Join Date: Feb 2012
Location: Alberta, Canada
As was mentioned, taking on clients horses requires very good paper work, with everything well thought out and discussed before hand. Your communication skills have to be impeccable, both horse and human.
the Kennel tech position makes the most logical sense, financially. If you need to work to live at this point, stick with this option, and work through your physical issues.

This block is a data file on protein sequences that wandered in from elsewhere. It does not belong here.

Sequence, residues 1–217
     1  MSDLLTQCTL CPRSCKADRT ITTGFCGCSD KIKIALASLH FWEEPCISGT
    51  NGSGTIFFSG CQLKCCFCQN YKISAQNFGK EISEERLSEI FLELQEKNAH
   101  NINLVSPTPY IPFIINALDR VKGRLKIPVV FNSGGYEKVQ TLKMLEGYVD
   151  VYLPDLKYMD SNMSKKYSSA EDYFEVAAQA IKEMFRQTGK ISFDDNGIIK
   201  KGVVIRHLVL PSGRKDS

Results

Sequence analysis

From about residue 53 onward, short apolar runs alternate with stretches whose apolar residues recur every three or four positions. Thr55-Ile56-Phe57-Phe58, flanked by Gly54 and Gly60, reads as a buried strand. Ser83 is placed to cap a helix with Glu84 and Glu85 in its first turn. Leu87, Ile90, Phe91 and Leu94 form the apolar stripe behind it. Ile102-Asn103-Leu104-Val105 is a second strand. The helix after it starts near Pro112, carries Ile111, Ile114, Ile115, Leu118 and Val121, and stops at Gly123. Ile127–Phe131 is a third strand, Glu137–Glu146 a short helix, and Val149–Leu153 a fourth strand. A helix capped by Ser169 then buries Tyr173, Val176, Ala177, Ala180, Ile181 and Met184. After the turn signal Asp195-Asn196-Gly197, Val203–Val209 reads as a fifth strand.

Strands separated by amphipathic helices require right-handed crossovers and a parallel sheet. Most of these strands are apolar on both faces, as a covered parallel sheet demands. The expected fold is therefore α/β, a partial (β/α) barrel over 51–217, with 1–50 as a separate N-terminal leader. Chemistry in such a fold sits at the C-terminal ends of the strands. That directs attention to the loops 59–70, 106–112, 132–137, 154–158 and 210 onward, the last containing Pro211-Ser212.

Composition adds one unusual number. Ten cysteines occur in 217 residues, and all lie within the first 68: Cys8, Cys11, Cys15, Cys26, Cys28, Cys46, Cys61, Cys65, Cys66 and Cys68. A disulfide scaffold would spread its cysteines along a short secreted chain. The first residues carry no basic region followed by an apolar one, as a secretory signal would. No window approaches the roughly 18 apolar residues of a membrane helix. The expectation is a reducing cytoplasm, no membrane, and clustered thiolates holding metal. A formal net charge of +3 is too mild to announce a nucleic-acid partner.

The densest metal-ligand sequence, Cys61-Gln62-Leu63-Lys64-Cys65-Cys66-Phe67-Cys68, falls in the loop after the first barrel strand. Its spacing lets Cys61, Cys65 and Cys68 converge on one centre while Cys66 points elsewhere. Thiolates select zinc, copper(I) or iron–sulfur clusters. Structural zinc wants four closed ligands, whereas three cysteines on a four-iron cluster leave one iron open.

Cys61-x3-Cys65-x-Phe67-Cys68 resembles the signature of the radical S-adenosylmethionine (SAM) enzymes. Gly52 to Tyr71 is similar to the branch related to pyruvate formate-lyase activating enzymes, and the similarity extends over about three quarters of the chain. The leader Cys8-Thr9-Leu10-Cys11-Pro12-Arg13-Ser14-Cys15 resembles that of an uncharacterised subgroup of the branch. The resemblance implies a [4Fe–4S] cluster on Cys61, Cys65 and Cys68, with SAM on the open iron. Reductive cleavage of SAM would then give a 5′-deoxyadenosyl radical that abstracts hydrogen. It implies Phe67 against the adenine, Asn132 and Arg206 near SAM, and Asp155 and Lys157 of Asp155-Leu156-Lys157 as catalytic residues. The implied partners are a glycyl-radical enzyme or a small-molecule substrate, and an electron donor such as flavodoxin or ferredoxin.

Taking on projects. You are not likely to make money doing this right, but its fun. If the horse goes lame, factor in months of feed and vet costs. If you pick a crazy one, you wont make anything. If you end up with one that has issues or needs retraining, you could be looking at 6+ months of work. any number of factors can come into play. it can take 1 month or 1 year to get a project horse to the point you think they are ready to sell. If you do go this route, write out a list of attractive qualities, wants and must haves. Must haves come first, like "sound, quiet, sane, not a problem horse, no major vices", wants could be "14+hh, stock breed, registered" and attractive qualities you should look for could be "Interesting color, attractive pattern, well bred, pretty face" -you get the idea. DONT EVER choose a horse because you like it for yourself, unless the type of horse you prefer is very sellable. I like opinionated, dominant horses, so not right for 90% of the recreational market. I bought a project horse once like this. I adored her, but she was a project horse, so she had to go. she took a year to find the right buyer, and needless to say, I did not make any money on her.